The authors of the study concluded that, contrary to some long-standing hypotheses, evolution has not altered the basic force, velocity or power-producing capabilities of skeletal muscle cells to induce the marked differences between chimpanzees and humans in walking, running, climbing and throwing capabilities.

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Pass it on: New Scientist

Spontaneous Human Combustion – Could You Burst Into Flames?

Spontaneous human combustion – the act of a human being bursting into flames for no reason – has been a trope of the paranormal for hundreds of years. Explanations have been chalked up to demonic possession, alcoholism, and even ball lightning.

But how likely is it, really?

 

Check out AnomalyInfo’s page for a thorough history of Spontaneous Human Combustion:

http://anomalyinfo.com/Topics/spontan…

 

Special thanks to Nick Turnbow for his help editing this video!

Elon Musk Says We’re Probably Characters In Some Advanced Civilization’s Video Game

I don’t want to freak you out here, but there’s a chance you’re not the only ‘you’ in existence.

I’m not talking about the possibility that you might actually have two different brains, which means it’s virtually impossible to tell which one is ‘you’.

I’m talking about the fact that there could well be countless parallel universes, and each one contains a slightly different version of you.

Within that parallel universe construct, our own reality might not be as ‘real’ as you think. Are some of the most massive objects in our Universe nothing but holograms?

Is our Universe itself a hologram? Is this whole thing one giant simulation and we’re just characters in the most advanced video game ever? I swear I’m not high.




Everything I just mentioned is part of actual thought experiments that have been devised and debated over by the world’s best thinkers for years now, because one way or another, we have to make sense of this very strange and incredibly unlikely reality we’ve found ourselves in.

At Recode’s annual Code Conference this week in California, billionaire tech genius Elon Musk was asked about the possibility of us humans being unwitting participants in a giant simulation built by some alien civilization that’s far more advanced than our own.

His argument is pretty simple, if we look at our own history of video games. Forty years ago, video games meant stuff like Pong and Space Invaders.

Now we have photorealistic, three-dimensional stuff that looks like this, and we could have millions, potentially even billions, of people all playing the same game online at the same time.

Sure, there’s a certain ‘uncanny valley‘ quality to our video game counterparts right now, but think of what things are going to look like in another 40, or even 20 years’ time, with virtual and augmented reality already trying to inch its way into our living rooms.

Musk explains:

“If you assume any rate of improvement at all, then the games will become indistinguishable from reality, even if that rate of advancement drops by a thousand from what it is now. Then you just say, okay, let’s imagine it’s 10,000 years in the future, which is nothing on the evolutionary scale.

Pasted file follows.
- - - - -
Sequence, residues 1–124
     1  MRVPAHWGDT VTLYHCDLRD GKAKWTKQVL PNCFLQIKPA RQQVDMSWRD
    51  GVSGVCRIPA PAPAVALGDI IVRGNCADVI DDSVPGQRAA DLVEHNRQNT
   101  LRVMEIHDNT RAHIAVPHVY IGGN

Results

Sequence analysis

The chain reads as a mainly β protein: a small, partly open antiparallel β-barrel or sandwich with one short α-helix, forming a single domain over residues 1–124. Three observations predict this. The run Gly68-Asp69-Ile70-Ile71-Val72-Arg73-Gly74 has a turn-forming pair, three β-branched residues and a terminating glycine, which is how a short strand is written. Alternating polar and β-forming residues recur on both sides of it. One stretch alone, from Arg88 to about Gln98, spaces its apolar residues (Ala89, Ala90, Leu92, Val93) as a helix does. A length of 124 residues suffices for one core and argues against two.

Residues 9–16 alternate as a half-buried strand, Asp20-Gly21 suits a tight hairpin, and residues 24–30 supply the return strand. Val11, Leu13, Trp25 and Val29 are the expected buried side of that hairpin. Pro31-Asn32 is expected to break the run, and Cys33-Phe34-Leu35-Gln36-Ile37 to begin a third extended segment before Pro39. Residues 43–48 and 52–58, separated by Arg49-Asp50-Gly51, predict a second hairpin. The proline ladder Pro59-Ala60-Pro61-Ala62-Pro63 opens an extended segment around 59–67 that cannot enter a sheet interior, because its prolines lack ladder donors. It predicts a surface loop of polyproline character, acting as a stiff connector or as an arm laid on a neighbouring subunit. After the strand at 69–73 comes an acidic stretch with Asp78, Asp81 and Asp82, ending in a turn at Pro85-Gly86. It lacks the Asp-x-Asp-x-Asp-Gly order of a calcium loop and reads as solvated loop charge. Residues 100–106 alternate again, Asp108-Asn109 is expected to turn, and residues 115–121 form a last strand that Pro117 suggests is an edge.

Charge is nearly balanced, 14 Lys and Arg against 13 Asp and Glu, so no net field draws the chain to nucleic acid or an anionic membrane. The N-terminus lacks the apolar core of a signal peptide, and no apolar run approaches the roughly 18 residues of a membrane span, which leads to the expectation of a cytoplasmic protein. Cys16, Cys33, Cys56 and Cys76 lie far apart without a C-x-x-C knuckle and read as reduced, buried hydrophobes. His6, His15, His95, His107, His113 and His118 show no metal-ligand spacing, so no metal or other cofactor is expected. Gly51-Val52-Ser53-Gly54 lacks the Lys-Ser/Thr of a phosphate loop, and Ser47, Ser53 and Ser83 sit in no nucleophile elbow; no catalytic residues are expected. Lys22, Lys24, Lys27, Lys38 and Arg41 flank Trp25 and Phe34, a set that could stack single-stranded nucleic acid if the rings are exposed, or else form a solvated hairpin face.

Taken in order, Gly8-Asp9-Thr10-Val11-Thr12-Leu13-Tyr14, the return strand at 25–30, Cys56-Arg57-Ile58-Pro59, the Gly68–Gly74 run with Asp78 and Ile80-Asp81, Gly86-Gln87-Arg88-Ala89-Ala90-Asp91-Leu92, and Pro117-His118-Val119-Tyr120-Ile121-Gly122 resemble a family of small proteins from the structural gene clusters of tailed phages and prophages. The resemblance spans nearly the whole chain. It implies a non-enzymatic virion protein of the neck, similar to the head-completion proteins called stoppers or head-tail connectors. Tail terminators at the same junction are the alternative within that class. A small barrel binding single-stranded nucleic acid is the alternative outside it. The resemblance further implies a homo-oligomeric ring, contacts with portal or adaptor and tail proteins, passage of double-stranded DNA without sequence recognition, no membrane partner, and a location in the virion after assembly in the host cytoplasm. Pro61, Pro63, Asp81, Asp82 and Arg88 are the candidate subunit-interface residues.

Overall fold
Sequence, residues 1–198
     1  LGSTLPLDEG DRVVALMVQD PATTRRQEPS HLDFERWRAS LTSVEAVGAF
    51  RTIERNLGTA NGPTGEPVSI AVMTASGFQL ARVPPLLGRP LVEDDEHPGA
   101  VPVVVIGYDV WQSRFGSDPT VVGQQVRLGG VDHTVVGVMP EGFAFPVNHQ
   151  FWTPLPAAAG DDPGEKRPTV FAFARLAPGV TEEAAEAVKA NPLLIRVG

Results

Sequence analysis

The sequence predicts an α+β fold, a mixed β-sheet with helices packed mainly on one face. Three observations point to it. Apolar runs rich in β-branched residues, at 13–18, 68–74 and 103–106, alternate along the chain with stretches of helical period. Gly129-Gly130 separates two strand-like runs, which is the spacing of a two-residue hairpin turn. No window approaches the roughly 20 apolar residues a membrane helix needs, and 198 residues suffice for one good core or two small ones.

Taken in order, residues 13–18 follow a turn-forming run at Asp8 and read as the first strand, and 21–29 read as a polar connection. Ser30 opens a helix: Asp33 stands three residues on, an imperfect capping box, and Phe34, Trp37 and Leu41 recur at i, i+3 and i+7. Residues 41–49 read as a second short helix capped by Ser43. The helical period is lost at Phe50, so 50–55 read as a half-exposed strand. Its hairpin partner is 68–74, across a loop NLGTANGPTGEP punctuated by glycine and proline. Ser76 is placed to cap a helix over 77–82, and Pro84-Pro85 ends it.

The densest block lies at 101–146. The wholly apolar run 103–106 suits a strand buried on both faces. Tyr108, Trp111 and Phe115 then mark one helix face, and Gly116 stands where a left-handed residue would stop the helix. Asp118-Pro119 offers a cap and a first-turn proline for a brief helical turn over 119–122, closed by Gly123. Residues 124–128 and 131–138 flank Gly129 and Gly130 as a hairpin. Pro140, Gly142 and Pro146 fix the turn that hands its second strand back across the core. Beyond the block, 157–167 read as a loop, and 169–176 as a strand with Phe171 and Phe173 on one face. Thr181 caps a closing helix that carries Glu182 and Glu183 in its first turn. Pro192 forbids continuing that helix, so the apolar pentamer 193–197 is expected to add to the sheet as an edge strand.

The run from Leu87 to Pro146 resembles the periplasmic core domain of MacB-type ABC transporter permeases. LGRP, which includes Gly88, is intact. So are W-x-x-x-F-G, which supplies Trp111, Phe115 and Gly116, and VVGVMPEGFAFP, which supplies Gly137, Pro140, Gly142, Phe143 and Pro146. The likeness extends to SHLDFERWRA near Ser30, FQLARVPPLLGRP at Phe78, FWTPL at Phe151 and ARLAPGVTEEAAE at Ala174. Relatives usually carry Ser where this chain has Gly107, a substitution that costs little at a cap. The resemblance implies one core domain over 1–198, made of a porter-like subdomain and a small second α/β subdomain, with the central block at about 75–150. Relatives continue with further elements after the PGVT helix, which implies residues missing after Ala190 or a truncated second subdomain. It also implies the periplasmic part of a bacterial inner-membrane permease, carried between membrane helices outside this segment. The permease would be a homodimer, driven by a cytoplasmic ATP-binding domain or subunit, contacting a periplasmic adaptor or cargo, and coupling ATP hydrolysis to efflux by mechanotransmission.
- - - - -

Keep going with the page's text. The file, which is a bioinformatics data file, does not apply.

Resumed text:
So given that we’re clearly on a trajectory to have games that are indistinguishable from reality, and those games could be played on any set-top box or on a PC or whatever, and there would probably be billions of such computers or set-top boxes, it would seem to follow that the odds that we’re in base reality is one in billions.”

It might not be the most comforting thing in the world to think about – our reality isn’t at all what we think it is – but Musk says all of this being one big video game is about the best option we could hope for, given the alternatives.

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Pass it on: Popular Science

DNA Proves ‘Alien’ Was Actually Human Girl—Who Was She?

The mummified fetus from the Atacama region of Chile.

Before the media frenzy, before the documentary about aliens, before her bone fragments were ground up for DNA analysis, she was a girl.

She was tiny when she died. Six inches. Perhaps she was stillborn or died very young.

Her body was reportedly found wrapped in cloth with a purple ribbon and buried—with intentionality, it would seem—near a church in La Noria, an abandoned town in the Atacama desert in northern Chile.

As for everything else, well, it went like this. In 2003, a local man who regularly scavenged La Noria for historical trinkets found her body. He noted the unusual conical shape of her head.




Almost immediately, photos of her began to circulate, and ufologists eager for evidence of aliens came calling. A businessman bought her body and brought it to Spain.

She featured prominently, as the “Atacama humanoid,” in a documentary called Sirius, which alleges, among other things, contact between aliens and ancient civilizations.

On screen, the filmmakers are shown cutting her skull open, and removing a rib fragment for DNA analysis.

That DNA analysis was published last week—in Genome Research, a legitimate journal, and authored by a team of legitimate biologists led by Garry Nolan of Stanford University.

Museums were mad for skeletons around the turn of the 20th century.

That Nolan came to work with the makers of an alien-conspiracy documentary is unorthodox, to say the least.

But it was an opportunity to study rare mutations that could explain her unusual bones as well as an opportunity to restore to her a small measure of dignity.

The DNA analysis proved what scientists had been saying all along: She is human. She could have died as recently as decades ago based on the preservation of her DNA.

In interviews, Nolan told journalists he believed her body should be returned to Chile.

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Pass it on: Popular Science